Serious Pig hopes to hog the premium pub snacking space

The British company is jostling in a crowded market but has plans for a lot more products.

30 January 2019

When the founders of Serious Pig, a pub snacking company, were out for a drink several years ago, they ordered a craft beer and glass of Bordeaux, but realised there were no classy morsels to match their beverages. Where was the posh Peperami or the stylish salty bites, wondered George Rice and Johnny Bradshaw?

It prompted them to launch Serious Pig, with the aim of creating snacks that would not only complement drinks, but also provide proper sustenance to power people through to dinner.

The brand started with salami made from outdoor-bred British pork, sold in both classic flavour and chilli and paprika. It then grew to cover oven-baked pork crackling, flavoured with sea salt or accompanied with sweet chunks of crunchy red apple. Packets of peanuts and almonds seasoned with Cornish sea salt were also launched.

One of the more unusual additions was its lactose-free, vegetarian snacking cheese: a whole virgin wheel of mature Italian quattrocento is crumbled and baked in a special oven to create a crunchy-textured burst of flavour, then packaged in 24g servings. (If that doesn’t sound decadent enough, the oven used was built by Serious Pig’s Italian supplier and is worth €4m.)

“The cheese is going very well and what we’ve managed to do is to develop a flavour, which is cheese with rosemary,” Rice tells Food Spark. “The rosemary is one of the only herbs that stands up to the flavour of cheese and complements it. It’s about two weeks away from launch.”

Asian eats to salami crisps

But Rice says the company has hit the ceiling in terms of its ability to grow – despite being in a position to increase its manufacturing production by five times at its Peckham premises – and has launched a crowdfunding campaign. Its target is to raise £350,000, which will be used partly to get snacks into more hands but also to experiment.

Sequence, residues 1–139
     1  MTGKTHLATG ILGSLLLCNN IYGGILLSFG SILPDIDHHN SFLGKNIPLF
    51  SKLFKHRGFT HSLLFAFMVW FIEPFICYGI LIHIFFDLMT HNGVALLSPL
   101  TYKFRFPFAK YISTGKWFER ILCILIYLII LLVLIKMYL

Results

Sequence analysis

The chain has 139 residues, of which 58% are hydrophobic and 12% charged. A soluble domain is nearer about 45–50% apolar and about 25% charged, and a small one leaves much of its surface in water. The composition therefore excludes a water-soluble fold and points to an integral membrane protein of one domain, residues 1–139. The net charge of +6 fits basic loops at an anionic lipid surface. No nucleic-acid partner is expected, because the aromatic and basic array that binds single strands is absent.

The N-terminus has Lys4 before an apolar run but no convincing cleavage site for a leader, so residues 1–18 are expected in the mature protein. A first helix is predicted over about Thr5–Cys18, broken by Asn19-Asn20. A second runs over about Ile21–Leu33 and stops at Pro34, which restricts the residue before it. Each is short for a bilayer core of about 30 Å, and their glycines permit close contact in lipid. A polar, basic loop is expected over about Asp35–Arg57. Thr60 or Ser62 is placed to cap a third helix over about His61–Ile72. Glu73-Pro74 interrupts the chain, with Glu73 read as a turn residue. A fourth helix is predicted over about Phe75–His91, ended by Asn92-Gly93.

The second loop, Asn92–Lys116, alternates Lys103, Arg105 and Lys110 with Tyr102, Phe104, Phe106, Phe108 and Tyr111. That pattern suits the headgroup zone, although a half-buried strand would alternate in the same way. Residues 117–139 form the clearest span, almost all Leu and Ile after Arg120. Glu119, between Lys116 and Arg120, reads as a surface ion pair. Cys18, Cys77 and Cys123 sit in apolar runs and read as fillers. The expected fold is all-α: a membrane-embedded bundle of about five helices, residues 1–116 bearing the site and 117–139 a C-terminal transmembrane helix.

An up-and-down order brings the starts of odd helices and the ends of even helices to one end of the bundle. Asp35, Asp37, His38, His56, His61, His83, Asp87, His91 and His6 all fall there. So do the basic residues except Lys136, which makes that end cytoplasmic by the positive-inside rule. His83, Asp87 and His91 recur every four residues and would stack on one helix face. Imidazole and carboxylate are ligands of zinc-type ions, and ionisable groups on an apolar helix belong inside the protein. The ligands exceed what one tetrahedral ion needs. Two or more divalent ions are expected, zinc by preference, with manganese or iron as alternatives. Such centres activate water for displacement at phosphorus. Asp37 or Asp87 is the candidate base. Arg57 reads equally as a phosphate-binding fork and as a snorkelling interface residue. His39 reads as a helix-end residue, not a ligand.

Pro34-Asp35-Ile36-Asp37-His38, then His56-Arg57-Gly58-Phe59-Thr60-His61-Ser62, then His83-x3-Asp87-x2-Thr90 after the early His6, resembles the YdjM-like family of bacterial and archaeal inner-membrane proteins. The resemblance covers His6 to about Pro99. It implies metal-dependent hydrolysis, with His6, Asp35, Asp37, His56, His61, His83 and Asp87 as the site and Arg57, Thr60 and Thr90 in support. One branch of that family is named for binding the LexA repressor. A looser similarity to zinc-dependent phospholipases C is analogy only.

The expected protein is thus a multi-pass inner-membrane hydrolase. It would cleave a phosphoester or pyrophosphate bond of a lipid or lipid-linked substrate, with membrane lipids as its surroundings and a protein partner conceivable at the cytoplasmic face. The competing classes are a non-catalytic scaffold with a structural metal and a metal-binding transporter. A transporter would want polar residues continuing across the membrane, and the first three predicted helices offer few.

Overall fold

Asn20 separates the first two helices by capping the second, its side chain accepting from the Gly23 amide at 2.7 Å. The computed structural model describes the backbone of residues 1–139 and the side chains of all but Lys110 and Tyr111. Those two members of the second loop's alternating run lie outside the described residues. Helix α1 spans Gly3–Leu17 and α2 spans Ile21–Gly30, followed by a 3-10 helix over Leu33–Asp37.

“We are trying to innovate with new and exciting products, alongside more conventional products but by putting our twist on them,” Rice comments. “I would like to do an olive in a pouch – people are doing similar things to that, so it’s about how do we put our stamp on that.”

He also wants to branch out into flavours and food from the Far East, with Korea in particular in the Serious Pig sights.

“We would like to increase the number of products we have in three years’ time to 40 products, so introducing 10 products every year,” he adds. “We listen to our customer a lot. We like to hear what they are telling us as they are always full of ideas – when you work in the premium sector you are effectively selling to people that are passionate and creative about food.”

People have even suggested Serious Pig makes salami-flavoured crisps – and Rice is pondering the idea.

The UK snack market is valued at £18bn and Serious Pig wants to become the biggest premium savoury snack brand within that. It is currently in 500 pubs and there are about 6,000 more the founders are targeting, in addition to considering travel and hospitality hubs. The brand is also in discussion with one of the big four retailers to see whether it can get its products listed.

In the food pipeline are plans to do the current range in different formats – for example, a 60g option for its snacking cheese and other bigger bags.

Snacking saturation

As with other areas of food, Rice says the major trend he is seeing in snacking isa steady growth in consumer attitudes towards animal welfare, provenance and traceability.

“There is definitely a continuing trend of wanting to know a little bit more about what they are eating and how it’s been made, which benefits us in the premium sector. With meat, one of the biggest things I’ve seen is people will eat a little bit less but eat better quality, so meat with better welfare standards, and that’s something I don’t see slowing down any time soon,” he explains.

“Snacking also grows as people’s work/life balance means they don’t structure meals in a way they traditionally would have used to, and as craft beer continues to grow we benefit too. As people drink better beer in pubs they want better snacks.”

While Rice doesn’t believe salty pub snacks will be impacted by the uptick in healthy eating, he does think there are areas that are becoming crowded.

“I think there are too many meat snack businesses that are all doing something similar to one another. Meat snacks is slightly oversaturated with niche, small premium brands,” he explains.“My prediction is that a few brands or business that are focusing on food trends that are quite niche may not mange to get it to stick either.”

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